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I was playing my guitar with capo on 3rd fret. all of the sudden i heard a sound probably like a string break. But no. Strings were perfectly fine. But the high E string got completely out of tune like it sounded even lower than B. What just happened?

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I did manage to tune it up afterwards, and it holds its tuning in pitch now.

The guitar is 3 years old. And the strings are 5 months old.

Let me know what must have happened to the string and why it made the sound?

  • Guitar strings are 'sacrificial' - as in they are not expected to last as long as the guitar they're on - by a long way! Some players are luckier than others, and their strings stay fresh and un-rusty for a long time. I had a student who could make his strings rust in a coupe of weeks. Looks like yours could all be ready for changing, about now. – Tim Sep 2 at 17:57
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My guess is it had nothing to do with the capo. The two most likely possibilities is the winding around the ball end of the string might have partially slipped or the string was improperly wound on the tuning peg. Another possibility is the tuning peg for your E string may be damaged or defective. If the string holds pitch after re-tuning you’re probably ok. If not replace the string first then check the tuning peg to see if it is slipping.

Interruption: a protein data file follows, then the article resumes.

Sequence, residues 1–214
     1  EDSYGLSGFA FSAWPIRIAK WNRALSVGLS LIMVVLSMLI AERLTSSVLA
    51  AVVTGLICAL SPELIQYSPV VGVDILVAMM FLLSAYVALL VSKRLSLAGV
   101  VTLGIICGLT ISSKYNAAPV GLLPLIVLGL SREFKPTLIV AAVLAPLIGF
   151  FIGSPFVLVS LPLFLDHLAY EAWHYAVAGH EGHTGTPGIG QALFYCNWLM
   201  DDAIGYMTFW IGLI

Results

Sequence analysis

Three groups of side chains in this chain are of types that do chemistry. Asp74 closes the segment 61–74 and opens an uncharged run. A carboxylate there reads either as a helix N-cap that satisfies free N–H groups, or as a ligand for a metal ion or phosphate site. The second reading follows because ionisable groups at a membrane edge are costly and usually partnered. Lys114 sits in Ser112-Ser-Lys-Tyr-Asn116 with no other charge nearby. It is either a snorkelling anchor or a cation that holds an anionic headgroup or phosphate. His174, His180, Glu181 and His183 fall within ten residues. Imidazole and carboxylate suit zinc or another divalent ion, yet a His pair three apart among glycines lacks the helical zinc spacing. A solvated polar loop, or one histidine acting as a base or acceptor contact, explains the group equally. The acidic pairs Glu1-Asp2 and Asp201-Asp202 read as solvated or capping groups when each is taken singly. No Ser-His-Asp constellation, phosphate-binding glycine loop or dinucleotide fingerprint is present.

EDIT: here is a video demonstrating a good technique for getting a neat and tight winding on a post:

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  • Yup, pictures added after your answer - rusty strings, badly wound onto a rusty post. Prime slippage territory. – Tetsujin Sep 1 at 10:11
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Another thing that might have happened: if you were tuning with the capo on, the combination of downward pressure plus rusty string may have caused the string to bind up in the nut slot. This would result in varied string tension between bridge and nut, versus between nut and tuning post. The action of playing may have helped unbind the string in the slot, equalizing the tension on either side of nut, in which case there would be a sudden change in pitch, possibly accompanied by a ping/popping sound.

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